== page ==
The Grateful Jalapeños

Too grateful—they wouldn’t stop!

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ILLUSTRATIONS BY JEFF CROSBY
Old Woman looking at the price tag

It all started with a Summer plant sale. But not just any plant sale. A 75-percent off plant sale.

It was just too good to pass up! Of course, everything had been pretty much picked over. The remaining selection was (how can I put this nicely?) peaked at best and crispy at worst. The only thing that looked remotely like something I could salvage was a flat of sweet jalapeños.

But here’s the kicker.

I don’t like jalapeños. And with good reason.

My dad raised two things in his garden while I was growing up: tomatoes and jalapeños. That was it. We asked, no, we pleaded for a carrot or some beans. He would half-heartedly plant some and then proceed to forget about them. The tomatoes and jalapeños were also forgotten, but they tended to survive, even thrive under neglect (or at least here in Ohio they did). So every year we would choke down bowls of chili filled with those ever-loving tomatoes and jalapeños. It got to the point where chewing on my own leg like a trapped coyote seem preferable to another bowl of Daddy’s “famous” chili.

Maybe I felt sorry for them in their root-bound, wilted, semi-charred state.

So why I bought a whole flat of sweet jalapeños I have no idea. Maybe it was because I couldn’t pass by such a gosh darned good deal. Maybe because I felt sorry for them in their root-bound, wilted, semi-charred state. (Is this how crazy cat ladies get their start?) Maybe I just wanted to fill the gap left by the potatoes I’d harvested earlier that month. Maybe I’m more like my dad than I want to admit. Whatever the cause, a flat of sweet jalapeños found their way into the trunk of my car and into the back bed of the vegetable garden.

What had I done!?

Oh, well. It wouldn’t be all bad. I expected about a third to die within a week.

Not a single one did.

They all hung in there, taking about a month to turn the corner and not look like bony little Halloween decorations, but after that they took off. I would go out two to three times a week and pull in about a gallon of peppers each day. I turned some of them into salsa, which I had to admit was pretty good and was usually eaten in a day or two, but I froze or gave away most of them.

My friend Bonnie, who was not traumatized by jalapeños in her youth, loved them. She said they were just the perfect mix of sweet and spicy. Not very hot at all, but with just the right amount of heat. She put them in everything, even snuck them in her husband’s omelets though he is a notoriously picky eater. Her praise of them was not unappreciated, but it still didn’t changed my own opinion of jalapeños.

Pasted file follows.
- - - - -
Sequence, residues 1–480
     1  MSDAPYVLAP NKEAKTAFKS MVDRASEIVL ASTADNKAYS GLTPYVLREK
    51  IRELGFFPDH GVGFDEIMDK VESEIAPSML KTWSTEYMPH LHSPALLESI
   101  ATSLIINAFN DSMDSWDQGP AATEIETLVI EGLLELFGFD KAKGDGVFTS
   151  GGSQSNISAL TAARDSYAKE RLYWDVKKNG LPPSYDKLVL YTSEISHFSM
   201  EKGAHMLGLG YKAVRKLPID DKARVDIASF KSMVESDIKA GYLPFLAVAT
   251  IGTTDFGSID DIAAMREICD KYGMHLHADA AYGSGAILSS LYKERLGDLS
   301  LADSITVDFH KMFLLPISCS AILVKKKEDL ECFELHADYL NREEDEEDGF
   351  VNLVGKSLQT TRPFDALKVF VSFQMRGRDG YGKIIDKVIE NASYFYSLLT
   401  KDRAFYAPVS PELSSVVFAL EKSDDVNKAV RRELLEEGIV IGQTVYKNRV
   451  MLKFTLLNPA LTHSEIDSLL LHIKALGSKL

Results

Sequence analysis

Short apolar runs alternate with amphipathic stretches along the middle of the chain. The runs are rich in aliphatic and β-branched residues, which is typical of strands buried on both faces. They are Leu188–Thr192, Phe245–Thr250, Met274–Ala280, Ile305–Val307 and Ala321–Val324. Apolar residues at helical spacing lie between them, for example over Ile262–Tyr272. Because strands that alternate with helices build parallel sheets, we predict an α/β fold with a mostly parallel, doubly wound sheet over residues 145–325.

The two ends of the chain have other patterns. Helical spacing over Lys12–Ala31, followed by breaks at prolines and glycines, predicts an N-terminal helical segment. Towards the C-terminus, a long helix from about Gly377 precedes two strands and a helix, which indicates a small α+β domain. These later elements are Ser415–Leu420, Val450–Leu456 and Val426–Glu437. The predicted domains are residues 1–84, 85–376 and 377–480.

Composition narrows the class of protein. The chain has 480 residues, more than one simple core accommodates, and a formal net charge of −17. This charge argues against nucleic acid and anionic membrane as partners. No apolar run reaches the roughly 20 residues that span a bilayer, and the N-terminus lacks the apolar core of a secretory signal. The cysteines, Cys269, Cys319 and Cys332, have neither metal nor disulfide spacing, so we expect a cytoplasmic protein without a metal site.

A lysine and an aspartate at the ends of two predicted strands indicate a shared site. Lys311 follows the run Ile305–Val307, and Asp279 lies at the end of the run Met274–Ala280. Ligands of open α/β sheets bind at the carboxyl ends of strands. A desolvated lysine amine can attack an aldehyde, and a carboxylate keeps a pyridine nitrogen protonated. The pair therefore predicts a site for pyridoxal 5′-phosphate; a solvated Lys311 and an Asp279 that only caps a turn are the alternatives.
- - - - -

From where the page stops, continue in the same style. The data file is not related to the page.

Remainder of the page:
Mostly I was just glad to have them out of the house. So Bonnie got gallons of them.

Why I froze them is another story. Why I would waste limited freezer space on something that no one in our family eats (except my dad, of course) is just mind-boggling. I mean we still have jalapeños in the freezer from years ago from Dad’s garden!

Drastic actions needed to be taken. I attempted to get the jalapeños to stop.

I stopped watering them. It would proceed to rain.

I stopped weeding their bed. The neighboring sweet potatoes decided to grow into their bed and shade out the weeds.

I called out to the local rabbits, asking for their help. They ate the broccoli instead.

As I picked my biweekly gallon, I would beg the peppers to cease and desist. I whispered to each plant, but they just kept right on producing. I guess they were so grateful for having their little lives spared the cruel fate of withering in small pots in the hardware store parking lot, baking on the blacktop, that they decided to return the kindness by producing as much as they could.

As I write this in mid-October, the peppers are still producing. Killing frosts will arrive here soon enough—the temperature is already dropping rapidly. Perhaps that will finally get them. But knowing these little survivors, a sheet will inevitably get thrown on them the night before such frosts.

Aw, heck! I’ll probably be the one to do it.

Chilli Separtor

Postscript: Freeze that last image for a moment, the one of me throwing a sheet over the peppers—complaining about them and trying to protect them at the same time.

Woman in a field of chilli

Look at it closely, and I think you’ll see the problem wasn’t the peppers.

It was me.

I guess I’m just a sucker for a seedling with a sob story (or even more, a whole flat of them). And part of me thinks I should feel a little silly about being such a softie and making so much extra work for myself.

But wait: try this. Pull back a bit so you’re looking at that image from a little more distance. What do you see now? Here’s what I see:

I was sweet—maybe too sweet—to some peppers. They were sweet—maybe too sweet—to me.

Well, dear reader, you’re a gardener. You’ve probably done the same thing yourself, right?

You know what we should say to that?

Good for you.
Good for me.
Good for us!


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